Wednesday, March 19, 2014

EBRI Retirement Confidence Survey Finds

According to the 24th annual Retirement Confidence Survey by the Employee Benefit Research Institute (EBRI), Americans’ confidence in their ability to afford a comfortable retirement has recovered somewhat from the record lows of the past five years, but it does not appear to be founded on improved retirement preparations. In fact, "The 2014 Retirement Confidence Survey: Confidence Rebounds—for Those With Retirement Plans" (Issue Brief No. 397) suggests that the improvement may be limited to those with retirement plans.

In the aggregate, reported worker savings remain low, and only a minority appear to be taking basic steps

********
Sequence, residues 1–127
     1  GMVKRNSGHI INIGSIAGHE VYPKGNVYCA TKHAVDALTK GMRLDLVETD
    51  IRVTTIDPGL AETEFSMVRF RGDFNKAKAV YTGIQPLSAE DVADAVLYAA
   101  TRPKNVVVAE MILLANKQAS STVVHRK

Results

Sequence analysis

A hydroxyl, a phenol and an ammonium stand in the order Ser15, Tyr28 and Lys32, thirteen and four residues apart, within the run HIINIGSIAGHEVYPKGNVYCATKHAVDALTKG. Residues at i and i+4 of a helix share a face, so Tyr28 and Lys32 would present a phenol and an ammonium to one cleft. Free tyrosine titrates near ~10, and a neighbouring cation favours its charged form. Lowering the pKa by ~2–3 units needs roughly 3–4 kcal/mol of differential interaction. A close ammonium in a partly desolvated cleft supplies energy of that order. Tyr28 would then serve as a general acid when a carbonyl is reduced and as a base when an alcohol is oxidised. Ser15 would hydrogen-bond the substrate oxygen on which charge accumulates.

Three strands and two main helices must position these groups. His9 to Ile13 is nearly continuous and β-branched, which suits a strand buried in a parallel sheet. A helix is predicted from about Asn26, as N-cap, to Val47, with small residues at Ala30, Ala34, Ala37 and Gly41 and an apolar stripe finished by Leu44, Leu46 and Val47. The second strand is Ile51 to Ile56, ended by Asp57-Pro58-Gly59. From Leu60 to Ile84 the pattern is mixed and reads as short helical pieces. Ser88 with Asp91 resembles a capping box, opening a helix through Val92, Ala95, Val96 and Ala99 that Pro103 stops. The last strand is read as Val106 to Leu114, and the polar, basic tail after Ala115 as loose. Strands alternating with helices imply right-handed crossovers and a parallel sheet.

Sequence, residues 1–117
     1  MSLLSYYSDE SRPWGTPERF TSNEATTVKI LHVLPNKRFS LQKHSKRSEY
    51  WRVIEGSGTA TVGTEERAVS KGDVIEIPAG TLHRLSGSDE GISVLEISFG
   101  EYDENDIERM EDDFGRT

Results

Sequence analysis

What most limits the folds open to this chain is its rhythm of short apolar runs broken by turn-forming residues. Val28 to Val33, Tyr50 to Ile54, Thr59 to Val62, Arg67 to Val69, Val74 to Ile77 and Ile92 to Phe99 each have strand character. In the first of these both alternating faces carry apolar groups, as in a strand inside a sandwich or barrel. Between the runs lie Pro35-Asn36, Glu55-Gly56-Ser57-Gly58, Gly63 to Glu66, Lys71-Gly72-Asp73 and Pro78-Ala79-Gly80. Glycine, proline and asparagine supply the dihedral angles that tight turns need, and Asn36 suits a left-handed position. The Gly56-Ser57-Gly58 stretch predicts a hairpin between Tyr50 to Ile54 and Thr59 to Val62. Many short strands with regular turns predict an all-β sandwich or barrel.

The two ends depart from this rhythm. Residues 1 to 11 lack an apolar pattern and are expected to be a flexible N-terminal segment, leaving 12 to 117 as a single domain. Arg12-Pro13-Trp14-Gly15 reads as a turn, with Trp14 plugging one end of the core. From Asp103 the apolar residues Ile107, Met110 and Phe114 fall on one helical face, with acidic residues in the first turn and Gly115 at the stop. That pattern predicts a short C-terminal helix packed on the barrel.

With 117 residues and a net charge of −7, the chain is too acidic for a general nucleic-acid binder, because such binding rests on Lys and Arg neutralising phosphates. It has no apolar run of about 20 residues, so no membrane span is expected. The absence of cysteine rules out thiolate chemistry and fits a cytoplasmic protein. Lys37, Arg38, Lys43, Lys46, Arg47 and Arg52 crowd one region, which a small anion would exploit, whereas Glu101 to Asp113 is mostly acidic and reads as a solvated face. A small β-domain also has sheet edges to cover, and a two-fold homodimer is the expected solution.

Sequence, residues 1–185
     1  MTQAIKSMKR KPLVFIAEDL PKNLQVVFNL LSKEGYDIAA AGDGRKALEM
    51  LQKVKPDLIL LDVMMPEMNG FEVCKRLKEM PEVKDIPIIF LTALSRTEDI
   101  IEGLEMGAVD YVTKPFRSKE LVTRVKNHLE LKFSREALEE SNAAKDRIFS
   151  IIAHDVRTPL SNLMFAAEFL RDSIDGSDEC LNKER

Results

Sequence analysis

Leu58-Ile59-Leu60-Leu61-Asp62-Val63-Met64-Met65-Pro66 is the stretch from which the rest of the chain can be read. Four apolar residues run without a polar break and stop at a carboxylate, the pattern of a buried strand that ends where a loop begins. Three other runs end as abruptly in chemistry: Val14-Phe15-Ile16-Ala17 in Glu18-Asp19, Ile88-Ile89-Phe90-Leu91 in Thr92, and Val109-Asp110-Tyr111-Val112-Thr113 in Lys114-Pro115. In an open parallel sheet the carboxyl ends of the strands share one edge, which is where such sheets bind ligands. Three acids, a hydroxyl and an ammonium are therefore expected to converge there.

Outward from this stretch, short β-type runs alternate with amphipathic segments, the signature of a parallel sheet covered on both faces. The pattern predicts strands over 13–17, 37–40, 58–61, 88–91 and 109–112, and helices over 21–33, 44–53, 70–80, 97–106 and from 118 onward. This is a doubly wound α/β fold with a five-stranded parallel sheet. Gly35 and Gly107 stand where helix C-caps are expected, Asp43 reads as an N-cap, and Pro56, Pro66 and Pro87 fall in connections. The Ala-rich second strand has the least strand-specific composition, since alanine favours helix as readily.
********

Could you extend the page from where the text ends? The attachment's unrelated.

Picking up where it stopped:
to prepare for retirement. Nearly half of workers without a retirement plan were not at all confident about their financial security in retirement, compared with only about 1 in 10 with a plan.

Among EBRI's other findings:
  • The increase in confidence between 2013 and 2014 occurred primarily among those with a plan (an increase from 14% very confident in 2013 to 24% in 2014 for those with a plan, compared with level readings among those without a plan (10% very confident in 2013 and 9% in 2014).
  • The percentage of workers planning to work for pay in retirement now stands at 65%, compared with just 27% of retirees who report they work for pay in retirement.
  • Only 44% report they and/or their spouse have tried to calculate how much money they will need to have saved by the time they retire so that they can live comfortably in retirement, a level that has held relatively consistent over the past decade.
Source: EBRI Press Release (March 18, 2014)

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